RUEFUL AND LOVELY: “TONY, LET THE MEATBALLS ROLL”: JOHNNY WIGGS, RAYMOND BURKE, GRAHAM STEWART, DANNY BARKER, BOB GREENE, FREDDIE MOORE (Manassas Jazz Festival. December 2, 1972)

Be forewarned: the visual quality on the performance that follows is sub-standard, although you can get used to it.  This is what much-transferred forty-years-old videotape looks like, but the audio is loud and clear.

This video is a valuable document, because I don’t know of any other performance footage of cornetist Johnny Wiggs and clarinetist Raymond Burke — lyrical heroes of mine — here accompanied by Graham Stewart, trombone, Bob Greene, piano, Danny Barker, guitar, Freddie Moore, drums: Johnny Wiggs’ Bayou Stompers, introduced by Johnson “Fat Cat” McRee, sometime singer / kazooist and eternal jazz lover – festival creator.

The song is elusive — TONY, LET THE MEATBALLS ROLL — and I couldn’t find any lyrics online, but the opening phrase so neatly fits the title that I am sure JAZZ LIVES readers can (silently) invent their own narratives with the proper scansion.

I am amused by Raymond Burke’s endearing personal choreography — his body mirrors what he is playing more than is true with many players.  And his tone is so singular, sweet-tart in the manner of Ed Hall — but you wouldn’t mistake one player for the other.  A great underacknowledged poet of the clarinet.

Wiggs continues to astonish.  He saw Joe Oliver in New Orleans (I seem to remember this was 1919) and Oliver left a lasting impression.  But then Wiggs heard Bix and those wandering odes took over — haunting but always mobile.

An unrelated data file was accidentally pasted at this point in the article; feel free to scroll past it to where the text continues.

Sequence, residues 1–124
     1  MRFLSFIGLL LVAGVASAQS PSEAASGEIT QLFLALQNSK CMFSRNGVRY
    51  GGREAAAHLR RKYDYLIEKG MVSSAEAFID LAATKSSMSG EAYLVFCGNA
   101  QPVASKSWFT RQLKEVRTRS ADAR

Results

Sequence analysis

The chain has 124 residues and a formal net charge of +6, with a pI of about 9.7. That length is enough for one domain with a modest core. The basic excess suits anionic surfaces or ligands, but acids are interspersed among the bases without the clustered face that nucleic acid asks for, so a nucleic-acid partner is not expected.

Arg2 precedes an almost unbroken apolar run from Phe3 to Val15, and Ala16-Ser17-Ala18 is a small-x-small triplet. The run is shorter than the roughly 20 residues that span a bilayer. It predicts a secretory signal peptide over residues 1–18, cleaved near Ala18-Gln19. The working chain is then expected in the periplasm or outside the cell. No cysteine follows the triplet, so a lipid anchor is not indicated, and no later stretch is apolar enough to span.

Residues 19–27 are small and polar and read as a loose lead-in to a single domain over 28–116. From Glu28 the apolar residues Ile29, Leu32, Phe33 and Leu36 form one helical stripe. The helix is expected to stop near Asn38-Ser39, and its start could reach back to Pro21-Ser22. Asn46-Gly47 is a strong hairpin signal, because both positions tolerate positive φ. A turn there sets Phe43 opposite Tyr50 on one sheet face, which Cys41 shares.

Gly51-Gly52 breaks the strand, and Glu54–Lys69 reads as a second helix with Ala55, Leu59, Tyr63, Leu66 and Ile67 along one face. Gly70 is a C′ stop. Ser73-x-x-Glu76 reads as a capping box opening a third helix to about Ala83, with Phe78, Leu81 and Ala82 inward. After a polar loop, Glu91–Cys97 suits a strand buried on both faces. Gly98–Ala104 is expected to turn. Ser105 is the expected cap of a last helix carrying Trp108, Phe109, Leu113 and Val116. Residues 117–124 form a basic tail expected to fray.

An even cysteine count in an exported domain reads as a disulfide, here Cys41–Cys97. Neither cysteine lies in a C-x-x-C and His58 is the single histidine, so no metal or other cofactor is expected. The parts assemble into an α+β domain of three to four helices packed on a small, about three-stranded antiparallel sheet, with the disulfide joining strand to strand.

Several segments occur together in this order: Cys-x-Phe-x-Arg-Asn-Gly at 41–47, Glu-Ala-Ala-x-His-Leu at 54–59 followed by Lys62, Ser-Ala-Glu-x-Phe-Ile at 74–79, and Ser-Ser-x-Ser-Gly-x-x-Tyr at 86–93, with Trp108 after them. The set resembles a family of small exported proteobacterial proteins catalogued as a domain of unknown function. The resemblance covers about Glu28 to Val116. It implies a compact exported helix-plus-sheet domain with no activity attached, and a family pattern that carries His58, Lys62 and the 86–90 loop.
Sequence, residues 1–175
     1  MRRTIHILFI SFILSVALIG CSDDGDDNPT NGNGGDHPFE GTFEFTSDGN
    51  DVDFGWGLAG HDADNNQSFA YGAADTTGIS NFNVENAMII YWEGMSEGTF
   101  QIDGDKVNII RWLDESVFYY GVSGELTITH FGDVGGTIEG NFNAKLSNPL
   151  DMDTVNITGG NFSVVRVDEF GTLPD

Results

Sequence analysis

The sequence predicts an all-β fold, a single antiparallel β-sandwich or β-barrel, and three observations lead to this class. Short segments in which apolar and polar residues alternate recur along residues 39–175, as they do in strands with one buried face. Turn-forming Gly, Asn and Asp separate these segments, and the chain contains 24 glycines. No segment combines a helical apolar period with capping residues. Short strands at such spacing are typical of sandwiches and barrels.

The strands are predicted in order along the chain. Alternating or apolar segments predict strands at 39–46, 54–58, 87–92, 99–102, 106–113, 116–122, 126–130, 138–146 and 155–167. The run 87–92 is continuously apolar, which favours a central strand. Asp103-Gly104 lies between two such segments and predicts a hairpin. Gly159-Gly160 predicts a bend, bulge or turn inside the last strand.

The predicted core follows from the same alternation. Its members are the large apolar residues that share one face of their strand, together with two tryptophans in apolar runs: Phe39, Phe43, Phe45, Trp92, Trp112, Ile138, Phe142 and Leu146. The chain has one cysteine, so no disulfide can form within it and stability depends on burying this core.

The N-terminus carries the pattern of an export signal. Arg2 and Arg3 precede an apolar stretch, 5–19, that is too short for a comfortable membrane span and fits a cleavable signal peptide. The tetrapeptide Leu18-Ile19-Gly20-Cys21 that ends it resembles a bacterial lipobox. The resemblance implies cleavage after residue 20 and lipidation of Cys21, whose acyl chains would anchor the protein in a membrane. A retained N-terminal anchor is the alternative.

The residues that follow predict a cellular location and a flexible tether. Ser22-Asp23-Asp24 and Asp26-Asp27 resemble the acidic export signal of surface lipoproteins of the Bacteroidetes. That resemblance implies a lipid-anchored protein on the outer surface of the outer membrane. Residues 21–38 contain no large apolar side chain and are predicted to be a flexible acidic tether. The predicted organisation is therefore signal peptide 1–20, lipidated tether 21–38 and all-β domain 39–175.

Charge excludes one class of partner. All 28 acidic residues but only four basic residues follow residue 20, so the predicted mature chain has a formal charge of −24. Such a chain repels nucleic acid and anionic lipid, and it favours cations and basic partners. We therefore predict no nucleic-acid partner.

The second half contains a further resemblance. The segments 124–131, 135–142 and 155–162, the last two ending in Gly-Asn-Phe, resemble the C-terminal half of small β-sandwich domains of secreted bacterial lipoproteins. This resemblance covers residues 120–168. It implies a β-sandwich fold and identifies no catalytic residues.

I hear in Wiggs, who was 73 at the time of this video, a sweet, sad evocation of what Bix might have sounded like had he lived on this long.  Wiggs’ music plunges forward while looking over its shoulder in a melancholy, ruminative way.  And although Wiggs recorded early (1927) and from 1949 into the fifties, his late work fully expresses a kind of autumnal sensibility, delicate without being timid or maudlin — the sweet voice of an elder who has seen a great deal and knows that life is sadly finite but celebrates that life with his cornet.

One other thing occurs to me, with special relevance to my own video efforts, where musicians justly want the performances that will be disseminated and preserved for posterity to be as free from flaws as possible.  Anyone who watches this video to the end — and why wouldn’t you? — notices a small train wreck (with no one hurt) because the band is not clear whether to go on or stop. I find this, like Burke’s body language, quite endearing.  I’d rather have imperfect Wiggs and Burke than know that this flawed performance had been consigned to the trash.

This video — although I do not know the originator — comes to us through the loving diligence of trumpeter / archivist Joe Shepherd, Sflair on YouTube, someone who cares a great deal for and about this music.  Thank you, Joe!

May your happiness increase.

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15 responses to “RUEFUL AND LOVELY: “TONY, LET THE MEATBALLS ROLL”: JOHNNY WIGGS, RAYMOND BURKE, GRAHAM STEWART, DANNY BARKER, BOB GREENE, FREDDIE MOORE (Manassas Jazz Festival. December 2, 1972)

  1. Sounds very like a gloss on the chords of “Baby Won’t You Please Come Home”.

  2. How nice to see and hear these guys play. I think Wiggs was going to play a little tag on the end – something he did on record – but just not something everyone would have been tuned in to.

    The tune sounds very familiar, and now I’ll spend the rest of the evening trying to figure out where I’ve heard it before! (With a different title and words.)

  3. I heard Burke once at a Gene Norman Dixieland Jubilee concert and he was great. He pronounced his own name “boik”.

  4. That New Orleans “accent”! Lucky you to have seen him in person.